Keene made a second album for Dolphin, Songs From the Film, but the majors were calling--instead of releasing it, he signed with Geffen, recruited by A and R wunderkind Tom Zutaut. The label brought in Beatles engineer Geoff Emerick, fresh off the triumph of Elvis Costello's Imperial Bedroom, to produce a new version of Keene's record, and the band left for George Martin's AIR Studios on Montserrat. For a Beatles freak like Keene, it seemed like a dream come true, but his relationship with Emerick quickly soured--Keene hated the mix and the Brit refused to budge. "He was like, 'That's what I'm doing and that's that,'" recalls Keene. Emerick later complained that Keene was "more difficult than all four Beatles put together."
The album tanked despite positive reviews, and label head David Geffen wouldn't pay to send Keene back into the studio. "He said, 'You're not going to make another record until you write a certified smash,'" says Keene. "So I wrote with Jules Shear. I got together with Paul Westerberg one night, but we just got drunk. I even said I'd get together with the guy who wrote the lyrics for Bryan Adams, but fortunately he wasn't available. I jumped through every hoop they wanted, and in the end they just kind of lost interest." Part of Keene's problem was the success of Zutaut's other artists. "I was the first thing that he signed to Geffen. Tesla was the second thing. The third thing he signed was Guns N' Roses. And the fourth thing he signed was Edie Brickell. So out of four signings he had three platinum records . . . and me."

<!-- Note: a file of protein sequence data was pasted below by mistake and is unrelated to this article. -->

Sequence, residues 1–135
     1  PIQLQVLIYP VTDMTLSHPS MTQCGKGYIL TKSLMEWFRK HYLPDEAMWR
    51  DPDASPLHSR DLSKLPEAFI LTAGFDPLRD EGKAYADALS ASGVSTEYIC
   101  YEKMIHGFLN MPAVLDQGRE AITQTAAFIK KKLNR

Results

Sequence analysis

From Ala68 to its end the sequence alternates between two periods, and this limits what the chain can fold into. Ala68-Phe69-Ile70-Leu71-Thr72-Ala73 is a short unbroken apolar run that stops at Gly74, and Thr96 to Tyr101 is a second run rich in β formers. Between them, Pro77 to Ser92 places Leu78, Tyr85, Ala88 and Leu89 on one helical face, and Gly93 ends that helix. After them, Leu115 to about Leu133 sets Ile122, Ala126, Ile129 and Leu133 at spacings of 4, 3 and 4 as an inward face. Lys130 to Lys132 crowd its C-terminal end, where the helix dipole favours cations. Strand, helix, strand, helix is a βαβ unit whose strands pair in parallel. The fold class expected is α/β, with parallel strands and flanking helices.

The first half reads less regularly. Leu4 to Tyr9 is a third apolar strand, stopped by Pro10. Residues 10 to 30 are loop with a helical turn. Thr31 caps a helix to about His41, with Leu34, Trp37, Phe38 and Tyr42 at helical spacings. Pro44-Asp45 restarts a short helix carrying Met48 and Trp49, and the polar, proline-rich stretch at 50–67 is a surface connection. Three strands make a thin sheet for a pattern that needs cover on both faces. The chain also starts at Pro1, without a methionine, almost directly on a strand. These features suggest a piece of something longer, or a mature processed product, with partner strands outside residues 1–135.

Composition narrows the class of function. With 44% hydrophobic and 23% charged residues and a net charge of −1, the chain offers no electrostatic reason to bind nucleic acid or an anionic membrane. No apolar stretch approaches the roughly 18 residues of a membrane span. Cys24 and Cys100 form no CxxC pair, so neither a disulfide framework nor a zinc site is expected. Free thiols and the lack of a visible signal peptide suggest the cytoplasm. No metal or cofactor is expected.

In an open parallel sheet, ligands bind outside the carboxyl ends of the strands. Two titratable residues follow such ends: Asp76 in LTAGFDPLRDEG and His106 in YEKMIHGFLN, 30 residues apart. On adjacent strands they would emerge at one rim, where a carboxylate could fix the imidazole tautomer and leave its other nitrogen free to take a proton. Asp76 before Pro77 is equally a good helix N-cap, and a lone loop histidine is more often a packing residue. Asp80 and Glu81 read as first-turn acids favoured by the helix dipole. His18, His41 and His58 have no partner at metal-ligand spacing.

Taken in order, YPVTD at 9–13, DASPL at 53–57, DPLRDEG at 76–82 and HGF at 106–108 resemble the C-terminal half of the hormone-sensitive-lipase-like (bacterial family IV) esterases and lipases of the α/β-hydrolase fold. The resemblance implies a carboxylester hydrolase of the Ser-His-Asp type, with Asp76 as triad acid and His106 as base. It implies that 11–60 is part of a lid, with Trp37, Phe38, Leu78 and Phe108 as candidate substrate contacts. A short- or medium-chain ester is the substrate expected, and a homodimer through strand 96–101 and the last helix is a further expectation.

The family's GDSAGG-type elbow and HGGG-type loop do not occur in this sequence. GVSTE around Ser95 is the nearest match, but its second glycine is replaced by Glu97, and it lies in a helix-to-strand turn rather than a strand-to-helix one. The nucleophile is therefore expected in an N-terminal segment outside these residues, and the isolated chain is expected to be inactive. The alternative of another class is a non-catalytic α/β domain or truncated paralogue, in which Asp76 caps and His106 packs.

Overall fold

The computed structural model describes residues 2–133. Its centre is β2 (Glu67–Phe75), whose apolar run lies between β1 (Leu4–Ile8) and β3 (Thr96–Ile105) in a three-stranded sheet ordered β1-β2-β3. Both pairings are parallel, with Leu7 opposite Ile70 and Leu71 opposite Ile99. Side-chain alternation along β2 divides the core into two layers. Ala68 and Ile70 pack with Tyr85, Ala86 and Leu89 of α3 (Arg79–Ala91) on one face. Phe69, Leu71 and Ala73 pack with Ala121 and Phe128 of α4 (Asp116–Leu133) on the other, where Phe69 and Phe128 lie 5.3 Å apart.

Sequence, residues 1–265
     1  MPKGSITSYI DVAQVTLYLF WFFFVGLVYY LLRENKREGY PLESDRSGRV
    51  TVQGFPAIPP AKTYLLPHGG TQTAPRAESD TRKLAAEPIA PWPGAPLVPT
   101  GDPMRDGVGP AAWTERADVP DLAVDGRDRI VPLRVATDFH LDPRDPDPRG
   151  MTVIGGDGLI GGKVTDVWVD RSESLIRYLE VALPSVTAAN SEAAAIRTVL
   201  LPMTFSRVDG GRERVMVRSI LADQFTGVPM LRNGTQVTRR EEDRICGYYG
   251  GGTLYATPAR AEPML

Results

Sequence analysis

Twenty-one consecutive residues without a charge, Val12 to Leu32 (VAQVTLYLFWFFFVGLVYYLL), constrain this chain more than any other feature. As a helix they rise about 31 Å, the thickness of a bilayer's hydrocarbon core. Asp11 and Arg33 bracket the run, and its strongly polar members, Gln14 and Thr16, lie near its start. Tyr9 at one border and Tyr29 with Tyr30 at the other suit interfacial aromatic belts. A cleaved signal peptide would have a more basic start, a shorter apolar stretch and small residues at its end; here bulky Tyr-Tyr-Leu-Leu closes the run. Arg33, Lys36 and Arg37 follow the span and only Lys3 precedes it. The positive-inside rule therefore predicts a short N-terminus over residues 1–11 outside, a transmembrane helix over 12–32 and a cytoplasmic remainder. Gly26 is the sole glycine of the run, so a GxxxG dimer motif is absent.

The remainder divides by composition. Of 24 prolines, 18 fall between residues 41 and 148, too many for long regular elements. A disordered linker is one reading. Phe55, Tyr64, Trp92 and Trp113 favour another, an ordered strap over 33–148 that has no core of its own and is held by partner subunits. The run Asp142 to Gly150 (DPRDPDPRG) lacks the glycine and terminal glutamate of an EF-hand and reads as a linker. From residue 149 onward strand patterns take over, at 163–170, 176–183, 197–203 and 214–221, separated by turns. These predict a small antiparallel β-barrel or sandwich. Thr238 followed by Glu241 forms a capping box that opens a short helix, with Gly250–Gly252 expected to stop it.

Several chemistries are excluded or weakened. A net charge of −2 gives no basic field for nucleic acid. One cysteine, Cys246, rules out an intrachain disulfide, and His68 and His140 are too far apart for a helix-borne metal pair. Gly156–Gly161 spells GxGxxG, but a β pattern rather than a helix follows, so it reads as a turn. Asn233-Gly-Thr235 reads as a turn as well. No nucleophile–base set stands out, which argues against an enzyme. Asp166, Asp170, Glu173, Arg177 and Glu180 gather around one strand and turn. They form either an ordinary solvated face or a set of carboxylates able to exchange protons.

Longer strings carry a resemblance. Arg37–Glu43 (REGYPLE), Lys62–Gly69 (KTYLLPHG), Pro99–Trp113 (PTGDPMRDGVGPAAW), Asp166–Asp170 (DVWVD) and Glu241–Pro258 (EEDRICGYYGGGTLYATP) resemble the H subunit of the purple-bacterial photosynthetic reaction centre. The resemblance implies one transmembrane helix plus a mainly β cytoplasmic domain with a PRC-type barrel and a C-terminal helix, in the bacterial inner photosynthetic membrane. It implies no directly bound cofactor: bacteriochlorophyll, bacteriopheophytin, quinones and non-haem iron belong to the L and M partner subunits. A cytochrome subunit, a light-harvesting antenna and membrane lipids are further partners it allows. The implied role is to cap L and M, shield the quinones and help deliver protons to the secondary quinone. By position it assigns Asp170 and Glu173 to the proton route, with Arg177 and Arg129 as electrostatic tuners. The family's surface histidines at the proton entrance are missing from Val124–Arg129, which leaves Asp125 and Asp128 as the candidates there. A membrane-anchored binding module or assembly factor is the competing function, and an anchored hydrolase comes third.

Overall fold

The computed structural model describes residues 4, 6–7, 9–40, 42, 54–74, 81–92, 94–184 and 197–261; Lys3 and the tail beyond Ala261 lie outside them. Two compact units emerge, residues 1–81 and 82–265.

The label finally relented and handed him a modest budget, and Keene headed to Memphis's Ardent Studios, where he recorded the excellent Based on Happy Times with producer-musicians Joe Hardy and John Hampton. Geffen's new president wasn't a fan, though, and the label released it in the winter of 1989 with barely any promotion. Keene was on the road with the Replacements when the other shoe dropped. "My management called me up and said, 'You've been dropped by Geffen, your booking agency has canceled the rest of the tour, and we aren't going to work with you either,'" he says. "That was quite a day."
Keene continued to write, but over the next few years a series of major-label deals fell through at the last minute. In 1992 Gerard Cosloy at Matador put out a Keene EP, Sleeping on a Roller Coaster, and the following year Alias Records released a stellar Keene compilation, The Real Underground. Matador eventually signed him for two late-90s albums, and since then Keene has bounced between several smaller indie labels, including Parasol, SpinArt, and Eleven Thirty, a subsidiary of Yep Roc. He's also developed a second career as a hired gun.
Though he's threatened to give up music in the past, discouraged by his stubbornly modest sales figures, lately Keene seems to have made peace with his status as a rock 'n' roll lifer. "I'm not a quitter. That's one thing I'm not. I'll stick it out until the bitter end, for better or worse," he says. "It's funny, someone just told me, 'You're 47--it's kinda too late for a career change.' And that's true. So I'll keep doing this as long as I can. Maybe it'll eventually come down to me pressing 1,000 copies of my records and selling them on the Web. If that's the way it has to be, then that's what I'll do."
Townshend Research, Tommy Keene
When: Thu 6/22, 9 PM
Where: Schubas, 3159 N. Southport
Price: sold out
When: Sun 6/25, 7:15 PM
Where: Intonation Music Festival, Union Park
Price: one-day pass $20
Info: 800-594-8499 or intonationmusicfest.com
Art accompanying story in printed newspaper (not available in this archive): photo/Ye Rin Mok.